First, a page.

Please Donate to Help Save PopMatters

PopMatters have been informed by our current technology provider that we have until December to move off their service. We are moving to WordPress and a new host, but we really need your help to fund the move and further development.





John Hollenbeck Completes a Trilogy with 'Songs You Like a Lot'

The third (and final?) collaboration between a brilliant jazz composer/arranger, the Frankfurt Radio Big Band, vocalists Kate McGarry and Theo Bleckman, and the post-1950 American pop song. So great that it shivers with joy.


The Return of the Rentals After Six Years Away

The Rentals release a space-themed album, Q36, with one absolute gem of a song.


Matthew Murphy's Post-Wombats Project Sounds a Lot Like the Wombats (And It's a Good Thing)

While UK anxiety-pop auteurs the Wombats are currently hibernating, frontman Matthew "Murph" Murphy goes it alone with a new band, a mess of deprecating new earworms, and revived energy.


The 100 Best Albums of the 2000s: 80-61

In this next segment of PopMatters' look back on the music of the 2000s, we examine works by British electronic pioneers, Americana legends, and Armenian metal provocateurs.


In the Tempest's Eye: An Interview with Surfer Blood

Surfer Blood's 2010 debut put them on the map, but their critical sizzle soon faded. After a 2017 comeback of sorts, the group's new record finds them expanding their sonic by revisiting their hometown with a surprising degree of reverence.


Artemis Is the Latest Jazz Supergroup

A Blue Note supergroup happens to be made up of women, exclusively. Artemis is an inconsistent outing, but it dazzles just often enough.


Horrors in the Closet: A Closet Full of Monsters

A closet full of monsters is a scary place where "straight people" can safely negotiate and articulate their fascination and/or dread of "difference" in sexuality.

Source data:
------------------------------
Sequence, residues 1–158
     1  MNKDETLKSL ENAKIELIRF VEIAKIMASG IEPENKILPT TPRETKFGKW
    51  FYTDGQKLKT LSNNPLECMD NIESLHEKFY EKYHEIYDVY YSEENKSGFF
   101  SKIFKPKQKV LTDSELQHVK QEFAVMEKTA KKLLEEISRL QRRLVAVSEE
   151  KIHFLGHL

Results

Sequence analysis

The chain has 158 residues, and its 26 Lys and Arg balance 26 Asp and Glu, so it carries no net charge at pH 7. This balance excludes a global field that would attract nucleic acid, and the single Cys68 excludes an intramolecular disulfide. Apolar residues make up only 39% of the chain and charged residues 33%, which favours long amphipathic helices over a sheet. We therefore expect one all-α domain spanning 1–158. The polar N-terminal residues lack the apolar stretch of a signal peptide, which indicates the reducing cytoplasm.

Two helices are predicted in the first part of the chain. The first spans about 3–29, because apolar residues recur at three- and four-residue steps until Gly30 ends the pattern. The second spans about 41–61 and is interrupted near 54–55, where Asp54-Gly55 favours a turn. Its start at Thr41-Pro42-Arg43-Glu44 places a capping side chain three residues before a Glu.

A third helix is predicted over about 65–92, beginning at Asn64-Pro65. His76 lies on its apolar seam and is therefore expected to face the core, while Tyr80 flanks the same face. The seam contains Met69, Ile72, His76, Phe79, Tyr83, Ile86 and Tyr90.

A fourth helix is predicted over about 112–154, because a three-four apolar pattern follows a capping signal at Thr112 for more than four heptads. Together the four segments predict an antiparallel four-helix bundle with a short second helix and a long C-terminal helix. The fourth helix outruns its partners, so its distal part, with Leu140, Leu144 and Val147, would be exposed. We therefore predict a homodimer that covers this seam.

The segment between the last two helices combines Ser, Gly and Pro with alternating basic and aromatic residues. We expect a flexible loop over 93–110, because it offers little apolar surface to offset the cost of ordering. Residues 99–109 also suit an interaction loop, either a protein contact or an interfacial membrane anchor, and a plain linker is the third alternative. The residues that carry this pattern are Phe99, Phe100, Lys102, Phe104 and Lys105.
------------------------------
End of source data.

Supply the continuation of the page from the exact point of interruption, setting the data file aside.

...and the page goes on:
'Wildflowers & All the Rest' Is Tom Petty's Masterpiece

Wildflowers is a masterpiece because Tom Petty was a good enough songwriter by that point to communicate exactly what was on his mind in the most devastating way possible.


Jazz Composer Maria Schneider Takes on the "Data Lords" in Song

Grammy-winning jazz composer Maria Schneider released Data Lords partly as a reaction to her outrage that streaming music services are harvesting the data of listeners even as they pay musicians so little that creativity is at risk. She speaks with us about the project.


The 100 Best Albums of the 2000s: 100-81

PopMatters' best albums of the 2000s begin with a series of records that span epic metal, ornate indie folk, and a terrifying work of electronic music.


The Power of Restraint in Sophie Yanow, Paco Roca, and Elisa Macellari's New Graphic Novels

The magical quality that makes or breaks a graphic novel lies somewhere in that liminal space in which art and literature intersect.


'People of the City' Is an Unrelenting Critique of Colonial Ideology and Praxis

Cyprian Ekwensi's People of the City is a vivid tale of class struggle and identity reclamation in the shadows of colonialism's reign.


1979's 'This Heat' Remains a Lodestone for Avant-Rock Adventure

On their self-titled debut, available for the first time on digital formats, This Heat delivered an all-time classic stitched together from several years of experiments.


'The Edge of Democracy' and Parallels of Political Crises

Academy Award-nominated documentary The Edge of Democracy, now streaming on Netflix, lays bare the political parallels of the rise of Bolsonaro's Brazil with Trump's America.


The Pogues' 'The BBC Sessions 1984-1986' Honors Working-Class Heroes

The Pogues' BBC Sessions 1984-1986 is a welcome chapter in the musical story of these working-class heroes, who reminded listeners of the beauty and dignity of the strong, sooty backs upon which our industrialized world was built.


Mary Halvorson Creates Cacophony to Aestheticize on 'Artlessly Falling'

Mary Halvorson's Artlessly Falling is a challenging album with tracks comprised of improvisational fragments more than based on compositional theory. Halvorson uses the various elements to aestheticize the confusing world around her.


15 Overlooked and Underrated Albums of the 1990s

With every "Best of the '90s" retrospective comes a predictable list of entries. Here are 15 albums that are often overlooked as worthy of placing in these lists, and are too often underrated as some of the best records from the decade.


'A Peculiar Indifference' Takes on Violence in Black America

Pulitzer Prize finalist Elliott Currie's scrupulous investigation of the impacts of violence on Black Americans, A Peculiar Indifference, shows the damaging effect of widespread suffering and identifies an achievable solution.

Collapse Expand Reviews

Collapse Expand Features

PM Picks
Collapse Expand Pm Picks

© 1999-2020 PopMatters.com. All rights reserved.
PopMatters is wholly independent, women-owned and operated.